Breaking my radio silence here to get a little nitpick off my chest: the claim that during inflation, the universe “expanded faster than the speed of light.” It’s extraordinarily common, if utterly and hopelessly incorrect. (I just noticed it in this otherwise generally excellent post by Fraser Cain.) A Google search for “inflation superluminal expansion” reveals over 100,000 hits, although happily a few of the first ones are brave attempts to squelch the misconception. I can recommend this nice article by Tamara Davis and Charlie Lineweaver, which tries to address this and several other cosmological misconceptions.
This isn’t, by the way, one of those misconceptions that rattles around the popular-explanation sphere, while experts sit back silently and roll their eyes. Experts get this one wrong all the time. “Inflation was a period of superluminal expansion” is repeated, for example, in these texts by by Tai-Peng Cheng, by Joel Primack, and by Lawrence Krauss, all of whom should certainly know better.
The great thing about the superluminal-expansion misconception is that it’s actually a mangle of several different problems, which sadly don’t cancel out to give you the right answer.
1.The expansion of the universe doesn’t have a “speed.” Really the discussion should begin and end right there. Comparing the expansion rate of the universe to the speed of light is like comparing the height of a building to your weight. You’re not doing good scientific explanation; you’ve had too much to drink and should just go home.The expansion of the universe is quantified by the Hubble constant, which is typically quoted in crazy units of kilometers per second per megaparsec. That’s (distance divided by time) divided by distance, or simply 1/time. Speed, meanwhile, is measured in distance/time. Not the same units! Comparing the two concepts is crazy.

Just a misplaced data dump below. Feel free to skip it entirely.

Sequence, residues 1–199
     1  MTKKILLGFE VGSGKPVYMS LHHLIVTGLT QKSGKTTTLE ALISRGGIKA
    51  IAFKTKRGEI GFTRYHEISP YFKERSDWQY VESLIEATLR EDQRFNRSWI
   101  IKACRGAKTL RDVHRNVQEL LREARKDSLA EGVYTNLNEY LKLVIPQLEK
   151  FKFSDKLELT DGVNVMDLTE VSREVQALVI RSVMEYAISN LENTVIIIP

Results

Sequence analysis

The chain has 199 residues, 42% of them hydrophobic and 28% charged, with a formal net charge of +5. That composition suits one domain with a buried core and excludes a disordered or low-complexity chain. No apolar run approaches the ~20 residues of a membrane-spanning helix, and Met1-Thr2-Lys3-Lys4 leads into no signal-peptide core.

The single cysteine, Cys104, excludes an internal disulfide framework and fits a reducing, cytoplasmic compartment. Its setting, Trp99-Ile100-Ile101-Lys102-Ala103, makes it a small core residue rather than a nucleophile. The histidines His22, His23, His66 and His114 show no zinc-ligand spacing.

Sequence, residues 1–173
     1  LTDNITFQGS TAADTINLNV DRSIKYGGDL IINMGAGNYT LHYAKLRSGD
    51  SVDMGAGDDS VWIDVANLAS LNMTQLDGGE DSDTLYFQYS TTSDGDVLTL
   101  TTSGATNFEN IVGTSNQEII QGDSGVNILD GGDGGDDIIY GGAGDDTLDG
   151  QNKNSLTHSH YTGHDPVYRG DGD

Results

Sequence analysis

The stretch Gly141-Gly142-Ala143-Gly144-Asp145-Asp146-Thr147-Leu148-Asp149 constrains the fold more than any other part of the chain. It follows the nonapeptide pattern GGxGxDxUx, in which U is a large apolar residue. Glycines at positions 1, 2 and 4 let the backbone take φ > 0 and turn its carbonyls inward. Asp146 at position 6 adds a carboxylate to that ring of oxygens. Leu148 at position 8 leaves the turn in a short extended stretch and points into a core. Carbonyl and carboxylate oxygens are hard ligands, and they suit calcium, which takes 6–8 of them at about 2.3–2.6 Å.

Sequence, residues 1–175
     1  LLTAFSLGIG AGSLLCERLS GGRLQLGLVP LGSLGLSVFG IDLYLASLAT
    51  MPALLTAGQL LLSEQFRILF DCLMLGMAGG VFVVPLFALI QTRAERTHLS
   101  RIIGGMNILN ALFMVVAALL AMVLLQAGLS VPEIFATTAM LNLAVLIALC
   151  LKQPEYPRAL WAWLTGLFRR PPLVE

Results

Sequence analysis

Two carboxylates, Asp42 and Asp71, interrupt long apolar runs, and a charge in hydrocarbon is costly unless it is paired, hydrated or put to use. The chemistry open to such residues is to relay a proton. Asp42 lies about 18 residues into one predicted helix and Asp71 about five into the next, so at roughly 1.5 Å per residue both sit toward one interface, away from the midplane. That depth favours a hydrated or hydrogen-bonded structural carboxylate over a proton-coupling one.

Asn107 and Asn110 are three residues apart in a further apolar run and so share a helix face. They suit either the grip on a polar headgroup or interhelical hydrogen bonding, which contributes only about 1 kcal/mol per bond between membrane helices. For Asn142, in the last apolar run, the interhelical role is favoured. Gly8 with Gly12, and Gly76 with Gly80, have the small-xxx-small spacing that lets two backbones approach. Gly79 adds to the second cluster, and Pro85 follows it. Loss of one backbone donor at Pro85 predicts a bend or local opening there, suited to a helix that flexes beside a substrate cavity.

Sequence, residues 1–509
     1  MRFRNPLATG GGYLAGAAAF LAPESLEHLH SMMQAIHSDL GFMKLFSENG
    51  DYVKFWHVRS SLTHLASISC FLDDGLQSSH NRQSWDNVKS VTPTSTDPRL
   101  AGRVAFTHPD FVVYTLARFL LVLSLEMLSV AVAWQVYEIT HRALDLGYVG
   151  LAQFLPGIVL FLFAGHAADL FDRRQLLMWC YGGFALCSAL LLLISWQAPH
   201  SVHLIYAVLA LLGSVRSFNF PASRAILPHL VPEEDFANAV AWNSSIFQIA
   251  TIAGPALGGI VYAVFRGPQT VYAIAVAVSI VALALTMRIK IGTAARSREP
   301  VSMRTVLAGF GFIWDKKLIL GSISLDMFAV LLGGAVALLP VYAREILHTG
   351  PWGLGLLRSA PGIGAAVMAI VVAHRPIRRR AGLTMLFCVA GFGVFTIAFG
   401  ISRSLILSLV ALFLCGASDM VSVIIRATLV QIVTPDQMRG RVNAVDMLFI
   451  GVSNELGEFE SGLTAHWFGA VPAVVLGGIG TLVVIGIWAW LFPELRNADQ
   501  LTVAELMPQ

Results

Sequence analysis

Admittedly, you can construct a quantity with units of velocity from the Hubble constant, using Hubble’s law, v = Hd (the apparent velocity of a galaxy is given by the Hubble constant times its distance). Individual galaxies are indeed associated with recession velocities. But different galaxies, manifestly, have different velocities. The idea of even talking about “the expansion velocity of the universe” is bizarre and never should have been entertained in the first place.
2. There is no well-defined notion of “the velocity of distant objects” in general relativity. There is a rule, valid both in special relativity and general relativity, that says two objects cannot pass by each other with relative velocities faster than the speed of light. In special relativity, where spacetime is a fixed, flat, Minkowskian geometry, we can pick a global reference frame and extend that rule to distant objects. In general relativity, we just can’t. There is simply no such thing as the “velocity” between two objects that aren’t located in the same place. If you tried to measure such a velocity, you would have to parallel transport the motion of one object to the location of the other one, and your answer would completely depend on the path that you took to do that. So there can’t be any rule that says that velocity can’t be greater than the speed of light. Period, full stop, end of story.